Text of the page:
When poverty chokes inclusive education
By Foster Benjamin:
When Catherine Sandifolo conceived a child five years ago in Lilongwe, joy filled her.
The 30-year-old woman gave birth to a baby girl with hydrocephalus condition. Her joy, was however, short-lived.
This was a time her husband—all of a sudden-became filled with hatred towards the child.
“He told me he was not happy with the child”.
The husband kicked Sandifolo and her baby out of home.
She returned to her home village at Sekeni 2 in Lundu’s area in Chikwawa District a bitter woman.
“Although I was bitter, I was also happy for having a bouncing baby. I couldn’t dare losing her,” Sandifolo, a vegetable seller at Nchalo Trading Centre, said.
“Tales of women with hydrocephalus babies being divorced are many. Even if they are divorced, they find it hard to get other suitors just because of the condition of their children,”she said.
It never rained but poured for Sandifolo just when she hit home in Chikwawa.
Her relations condemned her for bringing a “strange” baby.
To make matters worse, some gave her a cold welcome.
“I set out for Nchalo and settled on my own. I love my daughter and I couldn’t allow all scorn and insult being hurled at me while I was in their midst,” she bitterly recalled,
“I struggle raising my child as every month I go to Queens (Queen Elizabeth Central Hospital) in Blantyre for checkups. That requires money to cater for transportation.”
Sandifolo said she admitted her child into a resource centre at St. Mathews Primary School.
However, insurmountable challenges at the school remain.
Inclusive education has been fraught with hiccups.
Chikwawa District Education Manager, Chrissie Chimsale, admitted that some schools do not have disability friendly structures such as ramps. “Where there are ramps, you find that they are not user-friendly. We appeal to the district council to consider helping us in this endevour,” Chimsale said.
The lament of lack of disability friendly infrastructure in public schools in Chikwawa has also been shared by Mother Mary’s Children Centre, an organisation promoting inclusive education in the district.
Project Officer, Marshal Nsonga, bemoaned shortage of special needs teachers in all the five resource centres the organisation is implementing its activities.
“We are still afar…classrooms are not enough; teachers are not enough.” In fact, the whole district has 15 inclusive education teachers. The onus rests on the specialist teachers to train fellow teachers on the modalities of inclusive education. Scratch below the surface and you will notice that all this is just mere talk. The reality is that the specialists are just another proverbial “Mr and Mrs Know-it-all”.
It is only organisations such as Mother Mary’s that are striving to put their fingers in the dyke.
Equipping teachers with basics in inclusive education remains a key feature in a quest for achieving inclusive education in Shire Valley, Nsonga claimed.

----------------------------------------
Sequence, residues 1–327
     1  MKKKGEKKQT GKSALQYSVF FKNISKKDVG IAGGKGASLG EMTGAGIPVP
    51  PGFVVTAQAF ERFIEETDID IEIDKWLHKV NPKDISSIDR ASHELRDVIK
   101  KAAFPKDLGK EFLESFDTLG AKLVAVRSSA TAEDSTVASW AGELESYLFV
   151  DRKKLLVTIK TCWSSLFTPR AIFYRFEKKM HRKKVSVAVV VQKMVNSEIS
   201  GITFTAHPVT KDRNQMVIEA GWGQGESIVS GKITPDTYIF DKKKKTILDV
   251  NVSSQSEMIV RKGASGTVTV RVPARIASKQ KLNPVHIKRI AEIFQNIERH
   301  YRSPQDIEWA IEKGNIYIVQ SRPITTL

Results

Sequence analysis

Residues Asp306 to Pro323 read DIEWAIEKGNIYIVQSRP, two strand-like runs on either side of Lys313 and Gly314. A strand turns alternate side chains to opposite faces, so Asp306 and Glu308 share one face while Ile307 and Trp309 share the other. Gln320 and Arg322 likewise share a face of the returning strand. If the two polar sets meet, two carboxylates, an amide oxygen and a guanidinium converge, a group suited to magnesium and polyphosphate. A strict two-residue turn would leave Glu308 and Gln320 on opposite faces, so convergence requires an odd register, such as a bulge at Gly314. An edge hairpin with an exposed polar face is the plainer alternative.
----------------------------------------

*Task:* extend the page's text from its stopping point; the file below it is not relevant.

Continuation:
“The good thing is that most children are now coming in droves to the schools unlike in the past when they used to stay away due to stigma and discrimination.”
The echoes, however, do not spare officials from Chikwawa District Council.
Newton Munthali, director of planning and development, offers scant hope.
“We urge them to present their grievances to the VDCs (village development committees) who will forward them to ADCs (area development committees). The ADCs will channel those concerns to the council and we will see how best we can do since we have a basket of funds at the council like DDF, CDF and borehole funds,” he said.
But are they not empty promises let alone mere rhetoric?
Time will only tell. But the truth stands out: poverty is seriously choking desired inclusive education in Chikwawa District.
The Ministry of Education has Department of Special Needs whose mission is to “provide accessible, equitable and relevant education to all learners with special needs at all levels through quality special needs education teacher development, production of specialised instructional materials and assistive devices, research work, assessment, guidance and counselling and other related services.”
A report on Commonwealth Education Hub website indicates that the department undertook a pilot project in districts of Mwanza and Mangochi in 2011 resulting in the training of 270 teachers in inclusive education techniques, 185 community leaders were sensitized to disability rights, 136 Mothers’ Groups, Parent-Teacher Associations and School Management Committee and 1,300 potential special needs students were assessed through 19 specially arranged village-based health clinics.
Additionally, Chapter IV of Malawi Constitution section 25 says all persons are entitled to education.
Sustainable Development Goal 4 is about ensuring inclusive and equitable education and promoting life-long learning opportunities for all, all this supported by Malawi Growth and Development Strategy II.
In view all of this, what special needs learners are experiencing in Chikwawa is a violation of their fundamental human rights as enshrined in Malawi Constitution and United Nations charter.
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